- The Retail Forum aims to generate a better understanding of the practical measures needed to promote sustainable consumption and production. Over time the result should be greater availability of environment-friendly and energy-efficient products in the shops and better information to consumers on how to use products in the most ecological way (for example, washing clothes at low temperature).
- The Directive concerning integrated
pollution prevention and control (IPPC) is a cornerstone of EU
legislation addressing industrial installations with a high pollution
potential. Such installations may only be operated if the operator holds a
permit containing requirements for the protection of air, water and soil,
waste minimisation, accident prevention and, if necessary, site clean-up.
These requirements must be based on the principle of best available
- The public has the right to know about emissions from industrial
installations: this is why the Commission created the European
Pollutant Emissions Register (EPER). In the future the emissions data
of approximately 20,000 industrial facilities will be accessible over the
- As part of the EU's policy towards encouraging voluntary action for
the environment, the Commission set up the Eco-Management
and Audit Scheme (EMAS) - a management tool to help companies and
other organisations to evaluate, report and improve their environmental
performance. Several thousand organisations from the EU Member States and
Norway have already joined the scheme. The European Commission has
committed itself to implement EMAS in its own services and buildings.
- The European Eco-label to make it easier for consumers to find products with a lower impact on
the environment. Its easily recognisable flower logo is used throughout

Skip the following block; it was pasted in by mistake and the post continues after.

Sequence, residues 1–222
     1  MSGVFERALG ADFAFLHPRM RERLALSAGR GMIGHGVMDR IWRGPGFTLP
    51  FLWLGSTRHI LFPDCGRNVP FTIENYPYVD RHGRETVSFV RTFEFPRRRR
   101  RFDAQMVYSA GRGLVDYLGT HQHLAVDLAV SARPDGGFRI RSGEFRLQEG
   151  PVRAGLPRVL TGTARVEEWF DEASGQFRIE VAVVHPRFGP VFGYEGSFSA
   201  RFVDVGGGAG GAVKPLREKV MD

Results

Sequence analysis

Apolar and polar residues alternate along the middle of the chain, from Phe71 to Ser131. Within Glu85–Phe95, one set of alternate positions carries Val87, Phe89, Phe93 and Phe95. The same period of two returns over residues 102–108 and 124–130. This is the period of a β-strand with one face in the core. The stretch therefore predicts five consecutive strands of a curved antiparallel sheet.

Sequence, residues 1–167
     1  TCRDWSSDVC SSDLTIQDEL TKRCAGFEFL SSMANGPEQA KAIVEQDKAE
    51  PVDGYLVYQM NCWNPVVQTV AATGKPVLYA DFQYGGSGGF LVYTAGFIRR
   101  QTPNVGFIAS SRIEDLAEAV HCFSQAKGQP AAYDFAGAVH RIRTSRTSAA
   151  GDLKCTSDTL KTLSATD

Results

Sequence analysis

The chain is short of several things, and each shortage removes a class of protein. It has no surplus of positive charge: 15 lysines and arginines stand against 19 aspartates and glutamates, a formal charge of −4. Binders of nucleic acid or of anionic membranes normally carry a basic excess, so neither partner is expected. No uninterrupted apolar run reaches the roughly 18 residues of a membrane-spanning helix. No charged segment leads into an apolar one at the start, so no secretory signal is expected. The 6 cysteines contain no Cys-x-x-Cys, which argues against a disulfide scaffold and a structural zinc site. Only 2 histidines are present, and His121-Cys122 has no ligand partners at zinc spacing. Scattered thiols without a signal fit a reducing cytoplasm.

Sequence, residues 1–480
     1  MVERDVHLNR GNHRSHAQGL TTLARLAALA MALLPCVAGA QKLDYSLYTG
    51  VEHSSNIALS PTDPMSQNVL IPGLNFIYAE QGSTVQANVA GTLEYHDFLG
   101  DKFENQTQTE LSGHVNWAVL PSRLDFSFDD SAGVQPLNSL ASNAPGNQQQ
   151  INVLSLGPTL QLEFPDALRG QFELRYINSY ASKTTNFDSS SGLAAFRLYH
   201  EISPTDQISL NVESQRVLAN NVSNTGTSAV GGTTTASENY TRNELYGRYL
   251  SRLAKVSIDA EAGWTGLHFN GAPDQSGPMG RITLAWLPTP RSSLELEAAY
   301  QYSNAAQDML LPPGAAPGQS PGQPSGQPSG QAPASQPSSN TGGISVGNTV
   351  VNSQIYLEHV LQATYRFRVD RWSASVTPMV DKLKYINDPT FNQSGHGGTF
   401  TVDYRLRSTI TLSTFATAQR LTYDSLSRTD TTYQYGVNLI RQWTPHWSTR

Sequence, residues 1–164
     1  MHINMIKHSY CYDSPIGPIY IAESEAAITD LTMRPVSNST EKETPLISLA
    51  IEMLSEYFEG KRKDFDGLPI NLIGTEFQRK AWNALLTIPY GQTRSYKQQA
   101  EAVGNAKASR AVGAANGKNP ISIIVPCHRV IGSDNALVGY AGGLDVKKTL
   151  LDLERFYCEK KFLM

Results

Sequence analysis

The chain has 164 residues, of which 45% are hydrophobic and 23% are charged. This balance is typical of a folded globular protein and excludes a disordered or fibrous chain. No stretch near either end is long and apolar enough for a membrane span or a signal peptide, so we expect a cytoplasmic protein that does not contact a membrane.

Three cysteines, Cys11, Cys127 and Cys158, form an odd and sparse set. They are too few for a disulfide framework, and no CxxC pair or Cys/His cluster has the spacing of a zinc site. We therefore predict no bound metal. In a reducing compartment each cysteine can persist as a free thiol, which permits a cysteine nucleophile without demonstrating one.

the EU, as well as in Iceland, Liechtenstein and Norway. The scheme will
shortly be extended to services, such as tourism.
- To encourage European industry to implement environmentally sound
policies, the EU has put several initiatives in place. The European
Awards for the Environment, which takes place every two years,
recognises the achievements of European firms that have designed
innovative products, implemented successful environmental management
programmes or worked on ground breaking projects with developing
- The environmental impact of major industrial installations is already
subject to an assessment at the project stage, according to the Directive
on the assessments of the effects of certain public and private projects
on the environment.
- The Directive on the control of major-accident
hazards involving dangerous substances aims at minimising the risk of
industrial accidents and their consequences.
- All products cause environmental degradation in some way, whether from
their manufacturing, use or disposal. Integrated
Product Policy (IPP) seeks to minimise these by looking at all phases
of a products' life-cycle and taking action where it is most effective.
- Part of IPP looks at ways in which the market can encourage the adoption
of greener products and services. One aspect of this is encouraging green
public procurement. Public purchasers spend a sum equivalent to 16% of
EU GDP every year and so can have an important impact. The European
Commission facilitates action in this field through the provision of
information tools and the circulation of best practice.
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